NEW YORK — It doesn’t matter whether you play in the ACC, the AAC or Division III, winning 31 games before the NCAA tournament is impressive. FAU came into the dance at 31–3 having won its conference regular season, conference tournament crown and at one point ripping off 20 straight wins. And yet it still only earned a No. 9 seed when the Dance started. So who defines a Cinderella?

“I don't think that comes from [coach Dusty May]. I really feel like that just comes from everybody else: The comments that people make, scouting reports, that’s where it comes from,” FAU guard Nick Boyd says. “If people can’t respect what we’re doing they’re just hating. All these guys in this room have been here two or three years besides Jalen Gaffney but everybody else is rooted in this program. Everybody has been here and if you can’t respect what we’ve built over here then it’s O.K.”

We crave the Cinderella stories when the NCAA tournament comes around. Some of that is due to the sport’s consumption pattern that has skewed more and more into solely just a three-week impact in broader pop culture. There are myriad reasons for that: the transfer portal, the very best players sometimes not even playing in college basketball, the one-and-done rule, the perceived lack of skill overall, the fact that it’s just easier to cast David vs. Goliath to an audience that drops into the sport briefly, and the fact that seed upsets are expected, therefore their frequency becomes a self-fulfilling prophecy. FAU is 17th in KenPom rating, and 33rd in the committee’s true seed list. The Owls’ coach admitted he didn’t even think they needed to make a run in their conference tournament. It may be easy, but it’s not exactly fair to this FAU team that was a 16-point favorite over No. 16 seed Fairleigh-Dickinson (a real Cinderella), a four-point underdog to No. 4 seed Tennessee, and a two-point underdog to No. 3 seed Kansas State in the Elite Eight.

“I felt like we were in before the Conference USA tournament,” May said. “I had a good friend say, I wouldn’t lose the first one if I were you, and I was like, wait a minute, we’re not in? I was probably a little bit—I probably should have been more concerned.”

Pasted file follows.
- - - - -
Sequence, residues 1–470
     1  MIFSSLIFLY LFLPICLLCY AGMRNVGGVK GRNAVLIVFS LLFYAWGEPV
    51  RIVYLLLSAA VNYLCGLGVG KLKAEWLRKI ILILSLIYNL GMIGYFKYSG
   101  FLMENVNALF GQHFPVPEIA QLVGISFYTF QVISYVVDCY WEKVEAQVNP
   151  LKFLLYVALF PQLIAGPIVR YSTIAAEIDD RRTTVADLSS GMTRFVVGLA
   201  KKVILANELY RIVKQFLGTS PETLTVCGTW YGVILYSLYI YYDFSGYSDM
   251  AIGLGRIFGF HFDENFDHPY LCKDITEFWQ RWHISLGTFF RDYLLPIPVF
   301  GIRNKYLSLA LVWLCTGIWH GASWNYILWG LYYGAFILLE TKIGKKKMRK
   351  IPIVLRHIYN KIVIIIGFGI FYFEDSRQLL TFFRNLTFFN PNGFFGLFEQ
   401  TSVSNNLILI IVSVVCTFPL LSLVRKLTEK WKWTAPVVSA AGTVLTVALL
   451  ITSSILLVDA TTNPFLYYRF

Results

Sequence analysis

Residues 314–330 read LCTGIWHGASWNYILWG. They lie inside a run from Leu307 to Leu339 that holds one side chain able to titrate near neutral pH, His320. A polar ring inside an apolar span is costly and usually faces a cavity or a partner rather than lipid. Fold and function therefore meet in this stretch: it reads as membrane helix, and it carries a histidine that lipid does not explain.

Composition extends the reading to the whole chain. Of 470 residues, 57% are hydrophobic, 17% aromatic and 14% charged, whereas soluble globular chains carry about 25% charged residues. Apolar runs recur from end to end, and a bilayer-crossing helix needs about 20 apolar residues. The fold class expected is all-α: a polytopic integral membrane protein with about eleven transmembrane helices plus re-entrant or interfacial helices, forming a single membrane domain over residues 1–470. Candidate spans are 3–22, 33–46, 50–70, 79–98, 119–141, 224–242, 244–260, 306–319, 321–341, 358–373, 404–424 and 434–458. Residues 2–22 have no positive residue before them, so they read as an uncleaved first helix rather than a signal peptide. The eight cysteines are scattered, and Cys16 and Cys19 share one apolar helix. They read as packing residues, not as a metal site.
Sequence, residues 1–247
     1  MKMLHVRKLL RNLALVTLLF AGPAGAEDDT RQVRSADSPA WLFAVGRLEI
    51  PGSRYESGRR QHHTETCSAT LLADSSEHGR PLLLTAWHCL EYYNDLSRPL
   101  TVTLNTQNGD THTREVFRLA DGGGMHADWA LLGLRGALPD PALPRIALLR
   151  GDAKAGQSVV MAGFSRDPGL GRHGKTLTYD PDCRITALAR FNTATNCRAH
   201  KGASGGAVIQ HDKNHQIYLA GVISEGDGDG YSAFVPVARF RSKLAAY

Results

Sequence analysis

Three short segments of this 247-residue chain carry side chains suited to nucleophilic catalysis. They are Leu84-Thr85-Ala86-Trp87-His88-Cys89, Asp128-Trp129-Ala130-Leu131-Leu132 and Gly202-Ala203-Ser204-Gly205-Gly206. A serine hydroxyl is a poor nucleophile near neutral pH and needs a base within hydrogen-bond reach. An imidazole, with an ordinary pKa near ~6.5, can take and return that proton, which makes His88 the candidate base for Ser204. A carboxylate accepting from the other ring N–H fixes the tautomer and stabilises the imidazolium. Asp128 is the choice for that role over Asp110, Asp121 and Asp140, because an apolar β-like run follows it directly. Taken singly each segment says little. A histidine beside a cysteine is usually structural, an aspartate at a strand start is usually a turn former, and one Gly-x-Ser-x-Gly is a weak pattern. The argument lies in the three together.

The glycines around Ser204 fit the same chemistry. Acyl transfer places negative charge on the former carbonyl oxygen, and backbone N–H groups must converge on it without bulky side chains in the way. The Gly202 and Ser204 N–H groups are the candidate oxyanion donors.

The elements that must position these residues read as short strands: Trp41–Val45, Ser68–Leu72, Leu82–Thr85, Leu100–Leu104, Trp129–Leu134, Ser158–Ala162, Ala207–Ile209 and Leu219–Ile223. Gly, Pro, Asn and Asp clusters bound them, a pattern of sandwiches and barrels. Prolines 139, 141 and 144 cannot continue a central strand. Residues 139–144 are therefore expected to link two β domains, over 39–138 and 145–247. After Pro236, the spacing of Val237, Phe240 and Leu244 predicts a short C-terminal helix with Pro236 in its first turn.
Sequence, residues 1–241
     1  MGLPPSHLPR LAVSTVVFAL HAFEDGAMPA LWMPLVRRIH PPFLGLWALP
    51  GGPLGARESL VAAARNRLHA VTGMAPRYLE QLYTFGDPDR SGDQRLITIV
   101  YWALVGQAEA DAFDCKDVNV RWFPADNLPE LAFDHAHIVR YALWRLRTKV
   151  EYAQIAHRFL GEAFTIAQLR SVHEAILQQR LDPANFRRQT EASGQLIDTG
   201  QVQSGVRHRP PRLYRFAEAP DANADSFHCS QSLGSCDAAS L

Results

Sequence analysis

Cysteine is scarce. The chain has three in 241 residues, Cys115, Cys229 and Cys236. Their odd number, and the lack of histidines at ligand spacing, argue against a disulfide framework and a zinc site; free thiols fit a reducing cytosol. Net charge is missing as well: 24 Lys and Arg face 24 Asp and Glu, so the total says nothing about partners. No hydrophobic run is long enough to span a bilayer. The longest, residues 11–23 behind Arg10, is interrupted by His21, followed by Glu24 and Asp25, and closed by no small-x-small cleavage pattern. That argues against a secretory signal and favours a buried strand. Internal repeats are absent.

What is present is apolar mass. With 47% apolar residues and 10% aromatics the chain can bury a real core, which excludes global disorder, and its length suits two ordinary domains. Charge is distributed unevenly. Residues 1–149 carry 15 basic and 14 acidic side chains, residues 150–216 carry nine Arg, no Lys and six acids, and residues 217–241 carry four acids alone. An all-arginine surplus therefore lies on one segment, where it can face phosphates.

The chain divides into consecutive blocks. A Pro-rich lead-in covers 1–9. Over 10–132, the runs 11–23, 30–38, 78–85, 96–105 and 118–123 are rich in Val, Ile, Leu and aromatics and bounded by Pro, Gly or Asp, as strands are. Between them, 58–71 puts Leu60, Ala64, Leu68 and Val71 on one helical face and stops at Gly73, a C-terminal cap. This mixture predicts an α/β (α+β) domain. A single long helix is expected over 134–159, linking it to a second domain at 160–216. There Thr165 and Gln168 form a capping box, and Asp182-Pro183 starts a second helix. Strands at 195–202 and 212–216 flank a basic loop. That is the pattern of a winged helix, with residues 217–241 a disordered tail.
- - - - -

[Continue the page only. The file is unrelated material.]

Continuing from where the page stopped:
The point with this FAU team is that you shouldn’t let the unfamiliarity with the brand sway your opinion on the school from Boca Raton, Florida. Elite Eight mainstay Gonzaga is a two-point dog to UConn, for instance. If anything, the Owls are built a little bit like a team you may be familiar with. They have a core that’s been together for at least a couple seasons for the most part, and they’re certainly not playing the disrespect card internally when they turn the TV off and put their social media-connected phones away.

“We don’t talk about those that don’t believe in us,” May said. “That’s not why we play. That’s not why we do what we do. That’s not why we work. All those things are something that we can’t control. We can control what we do every single day, and when you talk about dream season, this isn’t a dream season because we’re 34–3 or whatever we are. It’s a dream season because of how these guys are every single day. And we won 20 games in a row, and these guys didn’t change up a bit. They were more determined, they had better attitudes, they shared the spotlight even more during that. We’re prepared for this moment because it’s really difficult as an 18- to 20-year-old to go through that long of a stretch while you’re the hunted and continue to fight off every challenger.”

Three teams in this tournament have figured out that FAU is not to be taken lightly, most recently Tennessee. Conventional wisdom dictated that the Vols dominate the Owls with their renowned physicality. But Tennessee is at home now, and FAU’s win didn’t feel like an accident. The lesson is when looking for a Cinderella, embrace what FAU actually is, and don’t be a hater.